• Not all the information can be trusted. We always need to be careful when using any evidence from the past. With care though, we can make some use of all information – it always tells us something about the past
• It is often better when we can find more than one piece of information. The more we find, the more we are likely to be closer towards what probably happened
• There is a difference between a source and evidence. The source is the information but it is you or the historian who uses it as evidence in your own way to answer your questions
• We never know everything that happened in the past so it means that we have to work out things that are likely to have happened and that means giving opinions and ideas rather than definite facts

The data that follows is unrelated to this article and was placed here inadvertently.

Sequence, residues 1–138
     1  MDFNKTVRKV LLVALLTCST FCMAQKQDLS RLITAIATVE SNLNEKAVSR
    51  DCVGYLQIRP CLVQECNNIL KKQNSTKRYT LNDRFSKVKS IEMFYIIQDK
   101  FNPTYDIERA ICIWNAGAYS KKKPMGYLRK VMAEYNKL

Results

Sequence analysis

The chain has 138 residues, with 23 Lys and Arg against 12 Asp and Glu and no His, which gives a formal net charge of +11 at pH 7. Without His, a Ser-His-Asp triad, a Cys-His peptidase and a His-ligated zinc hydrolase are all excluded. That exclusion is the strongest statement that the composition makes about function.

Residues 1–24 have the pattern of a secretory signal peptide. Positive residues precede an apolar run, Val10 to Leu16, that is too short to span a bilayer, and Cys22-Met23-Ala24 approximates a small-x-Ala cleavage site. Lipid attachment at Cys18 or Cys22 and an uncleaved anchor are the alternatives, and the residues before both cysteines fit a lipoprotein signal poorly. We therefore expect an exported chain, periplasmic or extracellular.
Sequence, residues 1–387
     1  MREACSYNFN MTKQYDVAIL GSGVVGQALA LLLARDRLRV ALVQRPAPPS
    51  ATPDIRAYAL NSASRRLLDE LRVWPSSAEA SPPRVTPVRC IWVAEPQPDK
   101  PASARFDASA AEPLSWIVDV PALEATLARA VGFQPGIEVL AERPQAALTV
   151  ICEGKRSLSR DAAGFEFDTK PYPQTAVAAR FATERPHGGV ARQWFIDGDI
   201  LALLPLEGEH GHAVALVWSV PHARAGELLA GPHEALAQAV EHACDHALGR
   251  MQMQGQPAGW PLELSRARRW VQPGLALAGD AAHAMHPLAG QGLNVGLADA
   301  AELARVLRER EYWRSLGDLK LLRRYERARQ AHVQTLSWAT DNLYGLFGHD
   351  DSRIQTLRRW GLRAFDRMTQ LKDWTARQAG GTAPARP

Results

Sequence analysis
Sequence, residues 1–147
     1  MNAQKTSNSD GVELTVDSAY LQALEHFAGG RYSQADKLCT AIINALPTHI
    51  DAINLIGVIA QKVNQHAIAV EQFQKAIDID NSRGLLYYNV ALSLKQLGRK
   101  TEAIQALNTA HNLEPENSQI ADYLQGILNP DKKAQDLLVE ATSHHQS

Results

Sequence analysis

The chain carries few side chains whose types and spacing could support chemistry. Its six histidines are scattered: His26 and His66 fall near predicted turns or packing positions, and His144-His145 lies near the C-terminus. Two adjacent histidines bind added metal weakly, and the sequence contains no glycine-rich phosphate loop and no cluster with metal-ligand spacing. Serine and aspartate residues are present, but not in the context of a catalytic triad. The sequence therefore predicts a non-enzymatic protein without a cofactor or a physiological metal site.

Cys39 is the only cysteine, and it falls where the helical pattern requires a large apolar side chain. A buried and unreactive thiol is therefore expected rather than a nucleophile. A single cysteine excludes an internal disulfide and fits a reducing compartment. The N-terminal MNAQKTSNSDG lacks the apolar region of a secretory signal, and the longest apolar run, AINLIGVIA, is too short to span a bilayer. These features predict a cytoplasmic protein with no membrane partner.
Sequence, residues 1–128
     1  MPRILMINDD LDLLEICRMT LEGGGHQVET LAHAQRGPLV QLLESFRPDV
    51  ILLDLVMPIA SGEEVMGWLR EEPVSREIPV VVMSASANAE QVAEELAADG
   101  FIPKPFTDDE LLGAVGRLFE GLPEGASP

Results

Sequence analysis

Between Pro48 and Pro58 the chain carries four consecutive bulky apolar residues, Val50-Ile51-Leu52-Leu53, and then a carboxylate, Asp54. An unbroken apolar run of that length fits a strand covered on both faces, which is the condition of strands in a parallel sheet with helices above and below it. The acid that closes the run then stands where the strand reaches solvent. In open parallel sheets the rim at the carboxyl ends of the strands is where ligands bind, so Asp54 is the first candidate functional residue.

• Because we need to tell a clear story, we need to choose which bits to use and this means deciding what is important
Whatever the curriculum structures of the future, a historical awareness is likely to remain a vital and motivating aspect of any pupil’s development. And while it may be the “soap opera” of history that grabs children’s attention, it is an understanding of the underpinning concepts, such as chronology, change, causation and evidence, that characterises effective history teaching.
You should start worrying about the health of history teaching in your school when…
• The time gets squeezed to the worst slot in the day
• There is no support from the senior leaders
• No attempt is made to monitor progress
• The subject leader has reluctantly taken on the role
• Pupils of all ages and abilities produce very similar work
• The pupils do not care about history, or engage with the people of the past